Given their extreme vulnerability, the vastness of city space, the dangers posed by traffic, suspicion of terrorism, and the possibility that no one would be interested in helping a lost little robot, I initially conceived the Tweenbots as disposable creatures which were more likely to struggle and die in the city than to reach their destination. Because I built them with minimal technology, I had no way of tracking the Tweenbot’s progress, and so I set out on the first test with a video camera hidden in my purse. I placed the Tweenbot down on the sidewalk, and walked far enough away that I would not be observed as the Tweenbot–a smiling 10-inch tall cardboard missionary–bumped along towards his inevitable fate.

The results were unexpected. Over the course of the following months, throughout numerous missions, the Tweenbots were successful in rolling from their start point to their far-away destination assisted only by strangers. Every time the robot got caught under a park bench, ground futilely against a curb, or became trapped in a pothole, some passerby would always rescue it and send it toward its goal. Never once was a Tweenbot lost or damaged. Often, people would ignore the instructions to aim the Tweenbot in the “right” direction, if that direction meant sending the robot into a perilous situation. One man turned the robot back in the direction from which it had just come, saying out loud to the Tweenbot, “You can’t go that way, it’s toward the road.”

It’s a measure of our restored sanity that no one called the TSA. Or maybe it’s just that no one has tried this in Boston yet. Or maybe it’s a lesson for terrorists: paint smiley faces on your bombs.

Posted on April 13, 2009 at 6:14 AMView Comments

Holy Hand Grenade of Antioch Bomb Scare

You just can’t make this stuff up:

Buildings were evacuated, a street was cordoned off and a bomb disposal team called in after workmen spotted a suspicious object.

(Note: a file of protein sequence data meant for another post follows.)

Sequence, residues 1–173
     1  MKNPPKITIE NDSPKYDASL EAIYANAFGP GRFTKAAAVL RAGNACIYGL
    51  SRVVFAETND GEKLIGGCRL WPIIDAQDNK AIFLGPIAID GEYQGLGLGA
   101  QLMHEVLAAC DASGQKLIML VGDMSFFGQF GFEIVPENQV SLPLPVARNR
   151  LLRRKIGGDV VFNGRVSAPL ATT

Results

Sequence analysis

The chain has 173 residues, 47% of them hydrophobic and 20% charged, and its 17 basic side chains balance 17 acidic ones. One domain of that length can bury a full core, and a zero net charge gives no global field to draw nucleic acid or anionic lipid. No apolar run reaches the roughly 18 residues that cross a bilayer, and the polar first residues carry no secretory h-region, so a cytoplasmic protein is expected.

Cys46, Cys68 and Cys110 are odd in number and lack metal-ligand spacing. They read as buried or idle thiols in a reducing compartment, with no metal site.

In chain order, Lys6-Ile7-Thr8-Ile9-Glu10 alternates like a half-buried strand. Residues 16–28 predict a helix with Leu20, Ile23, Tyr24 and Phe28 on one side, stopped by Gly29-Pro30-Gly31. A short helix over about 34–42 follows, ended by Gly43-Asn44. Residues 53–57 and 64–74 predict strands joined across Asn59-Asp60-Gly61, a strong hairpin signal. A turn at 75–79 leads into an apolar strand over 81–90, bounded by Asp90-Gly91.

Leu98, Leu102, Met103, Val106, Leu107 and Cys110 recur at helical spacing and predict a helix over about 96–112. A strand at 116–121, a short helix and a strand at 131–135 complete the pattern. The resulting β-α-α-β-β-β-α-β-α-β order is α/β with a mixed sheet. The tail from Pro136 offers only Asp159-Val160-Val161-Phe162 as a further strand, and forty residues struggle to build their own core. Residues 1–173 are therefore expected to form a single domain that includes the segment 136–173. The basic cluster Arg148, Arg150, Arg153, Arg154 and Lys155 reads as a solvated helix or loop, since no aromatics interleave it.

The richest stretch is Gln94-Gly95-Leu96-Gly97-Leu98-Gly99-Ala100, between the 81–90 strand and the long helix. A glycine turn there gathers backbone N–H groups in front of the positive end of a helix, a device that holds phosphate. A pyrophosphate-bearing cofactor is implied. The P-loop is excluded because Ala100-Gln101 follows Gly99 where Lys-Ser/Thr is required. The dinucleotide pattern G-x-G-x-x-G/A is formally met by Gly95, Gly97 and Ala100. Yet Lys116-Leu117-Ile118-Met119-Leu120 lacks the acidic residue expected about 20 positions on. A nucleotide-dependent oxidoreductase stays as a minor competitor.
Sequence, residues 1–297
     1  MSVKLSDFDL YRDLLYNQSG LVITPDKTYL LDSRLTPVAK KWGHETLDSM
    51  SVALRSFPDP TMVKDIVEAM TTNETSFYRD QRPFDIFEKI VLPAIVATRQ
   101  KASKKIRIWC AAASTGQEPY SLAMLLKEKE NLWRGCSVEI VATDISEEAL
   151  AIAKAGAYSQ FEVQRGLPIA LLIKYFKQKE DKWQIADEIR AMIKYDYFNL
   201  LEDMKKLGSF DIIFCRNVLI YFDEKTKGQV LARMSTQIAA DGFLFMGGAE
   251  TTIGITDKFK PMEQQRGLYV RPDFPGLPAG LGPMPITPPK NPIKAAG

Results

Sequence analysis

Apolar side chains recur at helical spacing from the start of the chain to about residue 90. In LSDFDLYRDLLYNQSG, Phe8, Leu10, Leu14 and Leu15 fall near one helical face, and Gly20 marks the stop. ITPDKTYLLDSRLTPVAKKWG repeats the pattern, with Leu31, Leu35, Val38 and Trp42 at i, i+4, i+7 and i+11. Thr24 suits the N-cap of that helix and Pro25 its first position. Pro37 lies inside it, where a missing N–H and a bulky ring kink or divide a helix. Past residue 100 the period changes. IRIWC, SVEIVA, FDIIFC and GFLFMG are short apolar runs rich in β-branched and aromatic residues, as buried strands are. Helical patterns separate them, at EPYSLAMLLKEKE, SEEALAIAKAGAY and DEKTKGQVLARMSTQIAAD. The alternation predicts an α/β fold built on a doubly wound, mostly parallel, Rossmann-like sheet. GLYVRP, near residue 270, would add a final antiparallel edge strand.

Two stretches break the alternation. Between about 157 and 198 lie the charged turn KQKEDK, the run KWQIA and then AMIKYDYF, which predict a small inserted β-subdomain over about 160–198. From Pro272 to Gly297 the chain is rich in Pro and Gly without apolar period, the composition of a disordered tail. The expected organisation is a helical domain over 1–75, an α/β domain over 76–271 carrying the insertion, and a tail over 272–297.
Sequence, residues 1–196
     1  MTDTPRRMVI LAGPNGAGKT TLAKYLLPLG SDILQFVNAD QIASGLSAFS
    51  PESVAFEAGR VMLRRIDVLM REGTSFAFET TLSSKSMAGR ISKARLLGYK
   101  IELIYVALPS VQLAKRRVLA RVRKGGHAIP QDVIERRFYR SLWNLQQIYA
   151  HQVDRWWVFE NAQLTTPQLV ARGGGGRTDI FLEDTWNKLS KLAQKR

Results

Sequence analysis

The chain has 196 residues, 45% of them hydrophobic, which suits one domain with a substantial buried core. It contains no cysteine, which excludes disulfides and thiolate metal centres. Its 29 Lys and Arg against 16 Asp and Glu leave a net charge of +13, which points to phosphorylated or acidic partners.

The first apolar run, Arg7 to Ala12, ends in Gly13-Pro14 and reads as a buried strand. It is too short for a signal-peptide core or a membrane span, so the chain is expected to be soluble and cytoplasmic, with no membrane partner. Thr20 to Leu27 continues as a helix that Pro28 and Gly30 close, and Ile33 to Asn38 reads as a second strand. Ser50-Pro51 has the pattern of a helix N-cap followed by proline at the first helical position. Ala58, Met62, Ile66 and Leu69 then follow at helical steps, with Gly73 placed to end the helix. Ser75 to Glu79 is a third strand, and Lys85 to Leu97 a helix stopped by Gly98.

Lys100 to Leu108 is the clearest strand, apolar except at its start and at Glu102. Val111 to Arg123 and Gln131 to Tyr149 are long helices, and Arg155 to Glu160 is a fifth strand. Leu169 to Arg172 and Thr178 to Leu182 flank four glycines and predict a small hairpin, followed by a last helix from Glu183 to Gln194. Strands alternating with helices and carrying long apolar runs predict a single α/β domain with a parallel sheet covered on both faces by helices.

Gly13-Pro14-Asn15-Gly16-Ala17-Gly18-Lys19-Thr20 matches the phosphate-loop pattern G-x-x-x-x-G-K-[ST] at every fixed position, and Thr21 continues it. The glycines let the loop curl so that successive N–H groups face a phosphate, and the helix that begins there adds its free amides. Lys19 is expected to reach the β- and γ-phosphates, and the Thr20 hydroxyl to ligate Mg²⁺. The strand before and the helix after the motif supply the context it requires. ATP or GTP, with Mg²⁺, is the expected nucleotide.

But the dangerous-looking weapon turned out to be the Holy Hand Grenade of Antioch, made famous in the 1975 film Monty Python And The Holy Grail.

[…]

They evacuated a pub and another building in Tabernacle Street, while office staff in another building were stopped from leaving.

But when the bomb squad arrived, they quickly established there was no danger and the street was declared safe. In the film, the grenade was used to slaughter a killer rabbit. …

Alberto Romanelli, who owns the Windmill pub nearby, said the police action in ordering his pub to be evacuated had been as ridiculous as the film scene. “They evacuated the pub while they were doing X-rays and stuff,” he said.

“It all lasted about 45 minutes before they decided it was nothing — which I thought was pretty obvious from the start. I lost a good hour’s worth of business.”

I used to catalog examples of the war on the unexpected, but stopped because they were just too many of them (see also here and here), but this one is just too funny to ignore.

EDITED TO ADD (3/20): Lest you think this is tabloid hyperbole, here’s the story in a more respectable newspaper.

Posted on March 20, 2009 at 3:10 PMView Comments

Tourists, Not Terrorists

Remember the two men who were exhibiting “unusual behavior” on a Washington-state ferry last summer?

The agency’s Seattle field office, along with the Washington Joint Analytical Center, was still seeking the men’s identities and whereabouts Wednesday as ferry service was temporarily shutdown when a suspicious package was found in a ferry bathroom and taken away by authorities.

“We had various independent reports from passengers and ferry employees that these two guys were engaging in what they described as unusual activities on the ferries,” Special Agent Robbie Burroughs, a spokeswoman for the FBI in Washington state, told FOXNews.com.

“They felt that these guys were showing an undue interest in the boat itself, in the layout, the workers and the terminal, and it caused them enough concern that they contacted law enforcement about it,” she told FOXNews.com.

The two were photographed by a ferry employee about a month ago, and those photographs were distributed to ferry employees three weeks ago by local law enforcement.

Turns out they were tourists, not terrorists:

Turns out the men, both citizens of a European Union nation, were captivated by the car-carrying capacity of local ferries.

“Where these gentlemen live, they don’t have vehicle ferries. They were fascinated that a ferry could hold that many cars and wanted to show folks back home,” FBI Special Agent Robbie Burroughs said Monday.

[…]

Two weeks ago, the men appeared at a U.S. Embassy and identified themselves as the men in the photo released to the media in August, a couple of weeks after they took a ferry from Seattle to Vashon Island during a business trip, Burroughs said.

They came forward because they worried they’d be arrested if they traveled to the U.S. and so provided proof of their identities, employment and the reason for their July trip to Seattle, according to the FBI.

Posted on May 8, 2008 at 7:32 AMView Comments

Sidebar photo of Bruce Schneier by Joe MacInnis.